Nonviolent struggle in Kosovo

Howard Clark

Kosovo was not an obvious place for a nonviolent struggle. The Kosovo Albanian value system is based on a concept of honour closely linked with weaponry: take away the weapon, goes one saying, and you take away honour--a man's most important possession is his gun. The history is not one of unity but of clan rivalries, not organized collective resistance, but banditry and bloody rebellion.

Empowerment: just another phrase?

Vesna Terselic

Buzz words. You catch them here and there--in peace, environmental or women's initiatives and United Nations documents. They change from season to season, from year to year. "Empowerment" has appeared in the language of my colleagues who are working on social change as an attempt to explain to ourselves and to others what we are actually doing.

The Movimento Sem-Terra in Brazil

Dawn Plummer

Historical Roots of the MST

Brazil is one of the most unequal societies on the planet--1% of landowners own 44% of all Brazilian land (an area larger than the continental United States). Understanding the history and social implications of that inequality is essential background for understanding the situation of the landless in Brazil today.

What Power Do We Want?

Cecilia Moretti

It isn't easy to think about the kind of power we want, especially when we believe in a freedom that is opposed to any kind of authoritarianism. It becomes even more difficult because, over the centuries of human history, the word power itself has been contaminated with notions of authority and domination.

Self-Employed Women's Union, South Africa

Khoboso Nthunya


Self-Employed Women's Union (SEWU) is an independent trade union established in 1993 to represent the interests of self-employed and survivalist women engaged in the informal sector of the South African economy. SEWU is not affiliated with COSATU (South Africa's main labor union congress) because its members are women from different political parties.

Democracy In Seattle's Streets

Christopher Ney

It was in Chile, as an international observer of the 1988 plebiscite that voted Augusto Pinochet out of office, that I first saw the dramatic transformative power of nonviolence. I saw it the second time in Seattle during the protests of the meeting of the World Trade Organization.

Collective identities: trap or tool for empowerment?

Andreas Speck

Collective identities--"we" as queers, or whatever group you like--are often perceived as empowering by providing a sense of belonging. At the same time, by the very existence of these collective identities produce new boundaries of "in" and "out" and new norms of behavior that limit people's freedom to be and to do. Thus, identity can be disempowering and even threaten people's lives, in the case of nationalist or homophobic attacks.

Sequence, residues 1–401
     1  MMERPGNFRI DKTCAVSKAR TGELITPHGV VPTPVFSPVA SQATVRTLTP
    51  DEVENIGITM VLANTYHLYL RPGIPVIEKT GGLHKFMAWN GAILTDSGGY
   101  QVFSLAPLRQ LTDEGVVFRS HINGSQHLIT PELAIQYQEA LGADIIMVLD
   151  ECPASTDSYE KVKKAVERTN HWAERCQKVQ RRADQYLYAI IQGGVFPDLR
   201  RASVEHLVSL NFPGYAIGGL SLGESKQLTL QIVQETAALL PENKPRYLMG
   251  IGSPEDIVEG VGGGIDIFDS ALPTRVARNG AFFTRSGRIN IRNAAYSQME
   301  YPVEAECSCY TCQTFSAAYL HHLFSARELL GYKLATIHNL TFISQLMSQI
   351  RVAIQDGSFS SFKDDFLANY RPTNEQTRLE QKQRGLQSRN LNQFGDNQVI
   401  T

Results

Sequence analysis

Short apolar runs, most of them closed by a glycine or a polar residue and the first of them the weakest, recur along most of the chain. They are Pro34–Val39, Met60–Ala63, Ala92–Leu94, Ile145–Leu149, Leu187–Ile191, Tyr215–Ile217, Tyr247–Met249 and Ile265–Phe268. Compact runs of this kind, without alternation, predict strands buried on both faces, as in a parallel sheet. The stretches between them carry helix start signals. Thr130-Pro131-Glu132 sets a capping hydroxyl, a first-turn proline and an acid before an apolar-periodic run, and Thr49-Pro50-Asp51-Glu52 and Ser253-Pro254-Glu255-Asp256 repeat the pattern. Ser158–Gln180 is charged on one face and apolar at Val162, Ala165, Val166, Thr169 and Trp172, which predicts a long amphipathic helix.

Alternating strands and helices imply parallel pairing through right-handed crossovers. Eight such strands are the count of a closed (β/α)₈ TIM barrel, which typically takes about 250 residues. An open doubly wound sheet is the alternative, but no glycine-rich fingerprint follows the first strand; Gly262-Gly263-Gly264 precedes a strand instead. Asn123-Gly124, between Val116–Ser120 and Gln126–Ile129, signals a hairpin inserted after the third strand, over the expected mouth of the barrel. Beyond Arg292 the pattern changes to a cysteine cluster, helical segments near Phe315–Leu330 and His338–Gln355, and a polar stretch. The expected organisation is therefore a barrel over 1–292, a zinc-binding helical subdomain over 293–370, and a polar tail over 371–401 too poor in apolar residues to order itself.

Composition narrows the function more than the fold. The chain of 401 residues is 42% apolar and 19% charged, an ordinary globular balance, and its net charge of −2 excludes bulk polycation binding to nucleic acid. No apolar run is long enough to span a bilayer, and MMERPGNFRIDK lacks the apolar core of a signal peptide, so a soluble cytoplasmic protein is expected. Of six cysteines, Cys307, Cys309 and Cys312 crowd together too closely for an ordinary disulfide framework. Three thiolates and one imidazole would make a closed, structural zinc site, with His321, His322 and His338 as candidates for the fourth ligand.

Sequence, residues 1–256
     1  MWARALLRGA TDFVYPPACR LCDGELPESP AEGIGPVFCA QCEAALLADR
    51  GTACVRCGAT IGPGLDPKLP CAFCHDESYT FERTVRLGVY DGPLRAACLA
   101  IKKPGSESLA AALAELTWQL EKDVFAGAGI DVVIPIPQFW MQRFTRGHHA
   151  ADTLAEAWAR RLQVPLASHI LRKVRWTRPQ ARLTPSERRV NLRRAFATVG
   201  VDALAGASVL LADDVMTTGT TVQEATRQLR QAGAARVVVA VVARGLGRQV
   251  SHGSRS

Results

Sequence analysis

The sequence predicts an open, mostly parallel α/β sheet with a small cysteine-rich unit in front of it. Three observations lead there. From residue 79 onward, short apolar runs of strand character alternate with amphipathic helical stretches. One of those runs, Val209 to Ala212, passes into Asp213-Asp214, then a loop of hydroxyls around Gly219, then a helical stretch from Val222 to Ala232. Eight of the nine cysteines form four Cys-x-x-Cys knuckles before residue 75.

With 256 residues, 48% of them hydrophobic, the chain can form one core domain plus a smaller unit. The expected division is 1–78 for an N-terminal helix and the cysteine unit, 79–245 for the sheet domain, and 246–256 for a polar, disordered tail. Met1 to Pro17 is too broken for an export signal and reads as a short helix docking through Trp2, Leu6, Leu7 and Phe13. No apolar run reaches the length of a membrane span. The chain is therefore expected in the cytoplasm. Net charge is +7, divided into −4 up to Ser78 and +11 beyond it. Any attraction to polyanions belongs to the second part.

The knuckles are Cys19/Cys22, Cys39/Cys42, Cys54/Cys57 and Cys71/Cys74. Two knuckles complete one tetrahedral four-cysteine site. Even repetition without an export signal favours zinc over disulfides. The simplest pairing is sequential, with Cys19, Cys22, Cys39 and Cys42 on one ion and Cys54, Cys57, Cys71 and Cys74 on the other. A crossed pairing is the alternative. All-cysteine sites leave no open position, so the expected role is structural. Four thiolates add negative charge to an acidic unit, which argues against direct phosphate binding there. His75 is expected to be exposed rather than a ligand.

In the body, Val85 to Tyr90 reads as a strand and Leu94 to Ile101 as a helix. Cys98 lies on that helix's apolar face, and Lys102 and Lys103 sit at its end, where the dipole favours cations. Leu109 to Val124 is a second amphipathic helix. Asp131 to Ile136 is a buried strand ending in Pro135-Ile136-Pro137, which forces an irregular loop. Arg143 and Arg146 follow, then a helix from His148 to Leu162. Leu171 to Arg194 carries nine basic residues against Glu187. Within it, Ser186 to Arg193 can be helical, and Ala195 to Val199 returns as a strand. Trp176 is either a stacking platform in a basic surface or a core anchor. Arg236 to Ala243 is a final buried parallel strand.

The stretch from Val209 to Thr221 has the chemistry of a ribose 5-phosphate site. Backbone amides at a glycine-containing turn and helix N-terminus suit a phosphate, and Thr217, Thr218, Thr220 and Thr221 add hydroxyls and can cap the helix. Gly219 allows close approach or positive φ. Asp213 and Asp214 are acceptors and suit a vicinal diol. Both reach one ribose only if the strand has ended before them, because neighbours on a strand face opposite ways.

Saswati Roy

Sumitra, Champa, Samprada, Sushama, Kalabati, Salma are some of the tribal women living in remote corners in the state of Orissa in India who we have met during our recent visit to their villages. The women's organization with which I work, Swadhina, has been encouraging and promoting women's groups in these villages for the past five years. These women live in distant villages located in hilly forest regions. Their lives are integrally linked to the forest, which has been their source of food, fodder and wood for fuel.

Be realistic, demand the impossible

Howard Clark

Look back at an experience of empowerment. I wonder if the experience now seems that it was just a passing feeling you had at the time. Back then, you or your group somehow gathered the strength to make a difference--or at least feel that you made a difference. You may have changed something permanently, but the feeling was ephemeral. It wore off. A sense of empowerment is something that needs to be recreated continually.

The Intifada: from violence to more violence

Marwan Darweish

Overall situation

The thrust of the peace process that resulted in the 1993 Oslo agreement was to bring the Palestinians and Israelis to an interim negotiated settlement. It set out steps that focused on building mutual trust between the two peoples. After the signing of the Oslo agreement, which included the establishment of the Palestinian National Authority (PNA), there was a gradual implementation of the terms of the agreement and the beginning of Israeli withdrawal from the Palestinian territories.

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